Picture Books for Spring Time
A Trio of New Picture Books Just In Time For Spring
Every year I am surprised when the fields and forests finally turn green. Just when I think it will be brown and barren forever, the snow turns to rain, the ground thaws, and those first brave shoots make their appearance. — Springtime gives me a chance to be a child all over again. Heading out into the woods I’m as giddy as my four-year old, discovering the trout lily and wild oats come to life on the forest floor. Planting seeds in the garden, listening to birdsong, watching clouds sail by, leaving our winter coats behind, my kids and I relish the season and all it embodies.
Here’s a trio of new picture books which capture that childhood wonder. And the beauty of finding this within the pages of a book is that we can jump in any time of the year.
AND THEN IT’S SPRING
And Then It’s Spring, written by Julie Fogliano and illustrated by Caldecott medal winner, Erin E. Stead, tells the story of a boy waiting for his spring seeds to sprout. The first double page spread opens up to the boy and his dog looking out at the brown fields, the sparse text reads, “First you have brown, all around you have brown.”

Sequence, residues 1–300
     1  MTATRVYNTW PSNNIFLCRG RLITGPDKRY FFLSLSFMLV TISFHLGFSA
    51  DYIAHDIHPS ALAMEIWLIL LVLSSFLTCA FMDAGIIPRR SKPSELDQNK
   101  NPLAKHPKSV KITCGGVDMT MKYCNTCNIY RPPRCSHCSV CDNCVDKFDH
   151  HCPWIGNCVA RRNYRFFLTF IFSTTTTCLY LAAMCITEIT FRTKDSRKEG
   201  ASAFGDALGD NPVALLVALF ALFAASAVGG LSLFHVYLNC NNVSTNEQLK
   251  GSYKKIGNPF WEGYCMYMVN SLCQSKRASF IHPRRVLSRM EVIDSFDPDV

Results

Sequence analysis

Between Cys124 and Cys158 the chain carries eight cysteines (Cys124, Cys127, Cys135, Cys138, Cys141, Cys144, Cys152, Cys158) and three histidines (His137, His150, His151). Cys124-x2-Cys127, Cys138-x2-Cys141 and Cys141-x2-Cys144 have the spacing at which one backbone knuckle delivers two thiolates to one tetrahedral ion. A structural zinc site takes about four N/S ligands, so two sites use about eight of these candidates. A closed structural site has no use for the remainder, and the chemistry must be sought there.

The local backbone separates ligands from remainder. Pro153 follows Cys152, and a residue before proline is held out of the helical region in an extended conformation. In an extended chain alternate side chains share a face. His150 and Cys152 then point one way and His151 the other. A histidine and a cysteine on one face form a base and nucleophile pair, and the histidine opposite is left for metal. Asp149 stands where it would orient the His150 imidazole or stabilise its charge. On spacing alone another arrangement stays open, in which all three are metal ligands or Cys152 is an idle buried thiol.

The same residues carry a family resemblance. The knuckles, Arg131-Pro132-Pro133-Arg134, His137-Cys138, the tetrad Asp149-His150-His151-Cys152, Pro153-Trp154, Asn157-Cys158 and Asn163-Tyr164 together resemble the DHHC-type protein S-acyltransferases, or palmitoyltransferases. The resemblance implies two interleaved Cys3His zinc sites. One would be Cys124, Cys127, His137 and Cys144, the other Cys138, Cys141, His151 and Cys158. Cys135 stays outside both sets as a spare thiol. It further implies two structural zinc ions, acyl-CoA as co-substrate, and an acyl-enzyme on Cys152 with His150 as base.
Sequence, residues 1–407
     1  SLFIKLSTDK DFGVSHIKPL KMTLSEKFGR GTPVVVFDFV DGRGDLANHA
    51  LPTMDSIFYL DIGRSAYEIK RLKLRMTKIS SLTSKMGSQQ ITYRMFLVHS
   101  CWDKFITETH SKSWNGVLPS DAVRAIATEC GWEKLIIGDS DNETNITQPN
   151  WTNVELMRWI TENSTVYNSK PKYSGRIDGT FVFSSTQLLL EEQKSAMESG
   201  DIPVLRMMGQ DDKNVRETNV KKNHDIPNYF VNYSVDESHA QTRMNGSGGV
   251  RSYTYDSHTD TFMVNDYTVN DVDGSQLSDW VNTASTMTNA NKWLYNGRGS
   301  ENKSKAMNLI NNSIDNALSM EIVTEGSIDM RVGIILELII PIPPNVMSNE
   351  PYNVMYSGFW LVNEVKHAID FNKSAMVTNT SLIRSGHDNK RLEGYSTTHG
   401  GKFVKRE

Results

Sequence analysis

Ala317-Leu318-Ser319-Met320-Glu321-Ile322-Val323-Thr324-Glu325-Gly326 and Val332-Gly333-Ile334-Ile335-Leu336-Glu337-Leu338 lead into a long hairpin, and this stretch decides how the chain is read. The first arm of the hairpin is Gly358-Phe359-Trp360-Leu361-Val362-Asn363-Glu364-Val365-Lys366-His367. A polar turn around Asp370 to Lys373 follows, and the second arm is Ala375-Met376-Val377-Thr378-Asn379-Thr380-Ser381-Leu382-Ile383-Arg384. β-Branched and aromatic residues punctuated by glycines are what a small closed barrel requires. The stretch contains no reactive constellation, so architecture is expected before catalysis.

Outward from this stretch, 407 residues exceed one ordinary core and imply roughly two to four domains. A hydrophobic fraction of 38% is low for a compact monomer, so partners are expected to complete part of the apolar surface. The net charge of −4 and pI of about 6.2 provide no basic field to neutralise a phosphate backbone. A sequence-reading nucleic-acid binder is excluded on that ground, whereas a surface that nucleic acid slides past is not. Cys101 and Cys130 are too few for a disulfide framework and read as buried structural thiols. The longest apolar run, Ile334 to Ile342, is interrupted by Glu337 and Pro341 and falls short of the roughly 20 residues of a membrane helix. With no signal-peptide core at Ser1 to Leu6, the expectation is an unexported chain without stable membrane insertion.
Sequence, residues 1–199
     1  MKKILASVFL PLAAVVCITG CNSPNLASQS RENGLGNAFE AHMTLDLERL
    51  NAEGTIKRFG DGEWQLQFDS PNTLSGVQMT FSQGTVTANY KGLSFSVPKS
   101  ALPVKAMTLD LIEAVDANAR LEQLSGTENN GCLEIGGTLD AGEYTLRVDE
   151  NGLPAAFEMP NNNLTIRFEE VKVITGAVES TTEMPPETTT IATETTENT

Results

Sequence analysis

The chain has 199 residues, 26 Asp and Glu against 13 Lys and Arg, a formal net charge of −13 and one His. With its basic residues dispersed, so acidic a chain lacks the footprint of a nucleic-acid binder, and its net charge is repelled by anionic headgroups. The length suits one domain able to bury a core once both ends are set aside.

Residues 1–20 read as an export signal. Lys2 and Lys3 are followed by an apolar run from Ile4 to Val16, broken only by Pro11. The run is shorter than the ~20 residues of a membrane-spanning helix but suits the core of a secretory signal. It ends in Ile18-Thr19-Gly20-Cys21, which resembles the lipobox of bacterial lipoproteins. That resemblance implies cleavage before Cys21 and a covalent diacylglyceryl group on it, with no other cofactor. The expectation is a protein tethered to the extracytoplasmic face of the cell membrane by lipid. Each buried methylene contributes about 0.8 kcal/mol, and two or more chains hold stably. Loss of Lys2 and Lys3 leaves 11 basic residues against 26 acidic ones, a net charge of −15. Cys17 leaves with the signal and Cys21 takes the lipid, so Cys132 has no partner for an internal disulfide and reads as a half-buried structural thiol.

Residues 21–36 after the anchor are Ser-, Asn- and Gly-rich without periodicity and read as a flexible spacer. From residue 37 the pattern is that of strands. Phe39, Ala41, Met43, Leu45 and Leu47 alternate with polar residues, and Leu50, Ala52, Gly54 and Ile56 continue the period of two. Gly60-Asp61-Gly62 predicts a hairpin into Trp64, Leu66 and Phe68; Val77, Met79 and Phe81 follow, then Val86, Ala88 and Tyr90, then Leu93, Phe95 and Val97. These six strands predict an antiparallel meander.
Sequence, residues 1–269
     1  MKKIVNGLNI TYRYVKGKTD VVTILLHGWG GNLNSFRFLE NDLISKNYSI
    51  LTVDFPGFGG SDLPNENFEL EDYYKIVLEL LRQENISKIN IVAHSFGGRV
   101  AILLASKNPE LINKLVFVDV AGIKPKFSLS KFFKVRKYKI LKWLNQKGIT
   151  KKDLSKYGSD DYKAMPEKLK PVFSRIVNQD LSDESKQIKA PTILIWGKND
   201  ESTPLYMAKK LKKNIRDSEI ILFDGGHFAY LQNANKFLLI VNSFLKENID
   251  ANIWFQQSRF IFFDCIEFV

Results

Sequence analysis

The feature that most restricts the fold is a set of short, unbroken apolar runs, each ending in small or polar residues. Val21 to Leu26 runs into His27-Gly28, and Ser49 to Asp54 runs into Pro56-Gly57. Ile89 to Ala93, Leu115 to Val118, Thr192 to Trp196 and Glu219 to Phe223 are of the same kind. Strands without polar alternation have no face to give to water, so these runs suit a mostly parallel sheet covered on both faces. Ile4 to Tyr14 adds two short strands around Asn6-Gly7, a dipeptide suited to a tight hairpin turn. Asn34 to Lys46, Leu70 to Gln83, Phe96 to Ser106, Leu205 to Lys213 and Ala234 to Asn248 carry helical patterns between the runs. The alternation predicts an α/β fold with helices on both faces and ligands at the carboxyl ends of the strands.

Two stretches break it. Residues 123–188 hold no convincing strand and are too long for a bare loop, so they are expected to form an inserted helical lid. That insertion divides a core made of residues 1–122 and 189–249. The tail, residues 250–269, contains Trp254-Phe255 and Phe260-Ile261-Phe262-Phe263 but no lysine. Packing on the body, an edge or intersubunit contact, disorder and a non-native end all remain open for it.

The second double page spread shows the boy planting seeds, and the words, “then there are seeds.” The boy waits for his seeds to sprout, he wishes for rain, and he worries that the seeds may have been eaten by birds or stomped on by bears. The boy looks for green with a magnifying glass as a turtle, rabbit, birds, and even a worm look on too.
The penciled illustrations are delicately drawn in soft, faded hues, and have a vintage feel to them. Small details, like miniature garden signs and little birds, offer young readers something to be discovered within the simplicity of the pictures. The text, told in a single sentence, is broken up into poetic lines, which help set the gentle pacing of the story. Though the words and pictures are spare and simple, they work together to give the reader a sense of the boy’s patience and quiet anticipation.
Slowly the weeks go by, more seeds are planted, and the boy continues to wait. But then he hears a “greenish hum,” and readers get a window into the activity happening beneath the ground, where ants, worms, and sprouting seeds are busy at work. The story ends with the boy stepping out of his house to check on all that brown, but what he sees is green, “all around you have green.”
And Then It’s Spring written by Julie Fogliano and illustrated by Erin E. Stead. Published by Roaring Brook Press, A Neal Porter Book, New York, 2012. ISBN 978-1-59643-624-4
Green is that singular color that heralds spring wherever winter precedes it. Laura Vaccaro Seeger pays homage to green in her picture book of the same name. Simple text takes the reader through different shades of green – the green of plants, of animals, of foods, of patterns. There’s forest green, sea green, slow green, even wacky green.